JACKSONVILLE, Fla. -- Marie Boyett needs every penny of her $900 monthly social security check to get by.
“This pays my electric bill, my phone bill and helps take care of me.”
Action News has learned Boyett is one of 252,661 local seniors are at risk of a new scam.
According to the Office of the Inspector General, identity thieves are setting up accounts on the Social Security Administration website. From there they change victim’s direct deposit information, and send checks to their own accounts.
Tom Stephens, President of the Better Business Bureau of Northeast Florida, says ID theft is the easy part of this scam. To set up the account, thieves also obtain a copy of victim’s credit reports to help them bypass multiple SSA security questions.
“Typically, if you can match a name, an address, a social security number and a birthdate, you can do anything, but in this scam, if they have the wrong answers to those questions they won't be able to set up the account.”
But Stephens says when thieves have a will, they will find a way.
So far 2,400 victims have come forward, prompting the SSA to audit its online system. It’s still unknown how much money has been lost to this scam, but any amount to a senior like Boyett is too much.
“They have bills to pay. They have to buy medicine. They have to buy food, and there's nothing there to buy it with and they have to suffer the consequence if somebody did them out of it.”
The following information was released by the Office of the Inspector General to help social security recipients avoid this scam:
“If you receive information from SSA indicating that you have opened a ‘My Social Security’ account, and you did not open an account, you should contact Social Security so that appropriate action may be taken, and the matter may be referred to the Office of the Inspector General. You can do so by visiting or calling a local SSA office or calling SSA‟s toll free customer service at 1-800-772-1213. Deaf or hearing-impaired individuals can call Social Security‟s TTY number at 1-800-325-0778.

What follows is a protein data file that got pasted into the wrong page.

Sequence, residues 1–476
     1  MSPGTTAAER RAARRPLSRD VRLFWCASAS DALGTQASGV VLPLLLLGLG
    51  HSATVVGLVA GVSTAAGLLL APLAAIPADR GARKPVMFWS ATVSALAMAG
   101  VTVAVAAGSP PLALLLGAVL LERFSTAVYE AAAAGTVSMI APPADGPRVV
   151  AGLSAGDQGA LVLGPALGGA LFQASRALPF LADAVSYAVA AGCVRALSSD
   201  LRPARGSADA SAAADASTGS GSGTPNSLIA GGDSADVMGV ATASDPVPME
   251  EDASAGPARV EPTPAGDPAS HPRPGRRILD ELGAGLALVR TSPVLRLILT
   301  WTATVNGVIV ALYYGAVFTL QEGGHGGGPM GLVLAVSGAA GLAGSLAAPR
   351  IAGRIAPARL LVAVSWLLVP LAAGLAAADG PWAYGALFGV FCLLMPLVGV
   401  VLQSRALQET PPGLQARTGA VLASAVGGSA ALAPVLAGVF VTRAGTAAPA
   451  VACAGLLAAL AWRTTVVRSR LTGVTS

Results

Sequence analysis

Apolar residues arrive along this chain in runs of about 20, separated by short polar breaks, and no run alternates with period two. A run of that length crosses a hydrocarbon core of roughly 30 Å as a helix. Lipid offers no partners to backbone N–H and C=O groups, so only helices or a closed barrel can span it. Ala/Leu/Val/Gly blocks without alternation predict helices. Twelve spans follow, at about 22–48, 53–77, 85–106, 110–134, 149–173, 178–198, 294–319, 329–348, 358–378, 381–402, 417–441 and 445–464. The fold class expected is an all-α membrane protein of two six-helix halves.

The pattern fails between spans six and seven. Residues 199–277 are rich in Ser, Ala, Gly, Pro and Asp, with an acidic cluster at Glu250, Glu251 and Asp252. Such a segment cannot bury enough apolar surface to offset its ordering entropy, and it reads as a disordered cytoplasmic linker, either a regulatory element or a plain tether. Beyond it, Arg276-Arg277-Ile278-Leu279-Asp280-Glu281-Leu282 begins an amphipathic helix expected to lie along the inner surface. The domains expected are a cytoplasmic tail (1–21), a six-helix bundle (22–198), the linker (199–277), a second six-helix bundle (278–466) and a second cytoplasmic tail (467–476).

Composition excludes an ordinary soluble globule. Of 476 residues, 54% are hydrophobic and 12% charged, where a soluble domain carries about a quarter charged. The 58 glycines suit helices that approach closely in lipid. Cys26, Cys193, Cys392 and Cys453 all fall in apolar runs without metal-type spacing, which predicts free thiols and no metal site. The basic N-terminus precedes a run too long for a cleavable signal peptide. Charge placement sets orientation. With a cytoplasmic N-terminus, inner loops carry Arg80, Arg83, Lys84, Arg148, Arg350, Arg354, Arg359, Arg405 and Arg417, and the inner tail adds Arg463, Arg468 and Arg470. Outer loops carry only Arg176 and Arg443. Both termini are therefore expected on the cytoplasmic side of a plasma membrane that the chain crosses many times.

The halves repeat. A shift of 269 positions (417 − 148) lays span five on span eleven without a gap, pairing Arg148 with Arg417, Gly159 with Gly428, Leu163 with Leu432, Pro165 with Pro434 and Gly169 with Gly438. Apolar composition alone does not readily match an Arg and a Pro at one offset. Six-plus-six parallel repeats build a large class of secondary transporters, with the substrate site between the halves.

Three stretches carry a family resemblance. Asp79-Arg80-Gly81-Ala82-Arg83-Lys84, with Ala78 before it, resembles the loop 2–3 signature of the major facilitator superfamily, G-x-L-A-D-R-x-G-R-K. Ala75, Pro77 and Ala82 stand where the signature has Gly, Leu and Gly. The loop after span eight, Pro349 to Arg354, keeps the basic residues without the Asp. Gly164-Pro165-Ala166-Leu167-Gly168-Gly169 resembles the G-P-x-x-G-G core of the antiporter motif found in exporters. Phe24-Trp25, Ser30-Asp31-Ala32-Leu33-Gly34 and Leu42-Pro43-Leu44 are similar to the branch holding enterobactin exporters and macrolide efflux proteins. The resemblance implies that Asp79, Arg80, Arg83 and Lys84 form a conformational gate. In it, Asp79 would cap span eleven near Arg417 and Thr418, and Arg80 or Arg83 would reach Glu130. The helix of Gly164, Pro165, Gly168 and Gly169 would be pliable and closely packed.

Identity thieves obtain personal information in any number of ways. They may pose as Government officials in an attempt to convince you to provide personal and financial information. They may also claim that you have won a lottery or other prize, but you must provide personal information or even send money to pay “fees,” “taxes,” or other expenses before you can claim your winnings.
To help prevent this type of fraud, the Inspector General recommends that you:
• never provide your personal information when receiving unsolicited calls or contacts
• never agree to accept pre-paid debit cards or credit cards in another person‟s name
• never agree to send or wire money to an unknown person
• always contact your local SSA office if you receive a call from a person claiming to be from SSA, and that person asks you to provide your Social Security number or other information.
To verify the legitimacy of a caller who claims to be an SSA employee, call your local Social Security office, or Social Security‟s toll-free customer service number at 1-800-772-1213. If you find that someone has stolen or is using your personal information to open credit accounts or for other non-SSA-related purposes, you should report that to the Federal Trade Commission at www.ftc.gov/idtheft or 1-877-ID-THEFT. You can also find more tips on protecting your personal information on that FTC website. And you can report suspicious activity involving Social Security programs and operations to the Social Security Fraud Hotline, or by phone at 1-800-269-0271. Deaf or hearing-impaired individuals can call OIG‟s TTY number at 1-866-501-2101.”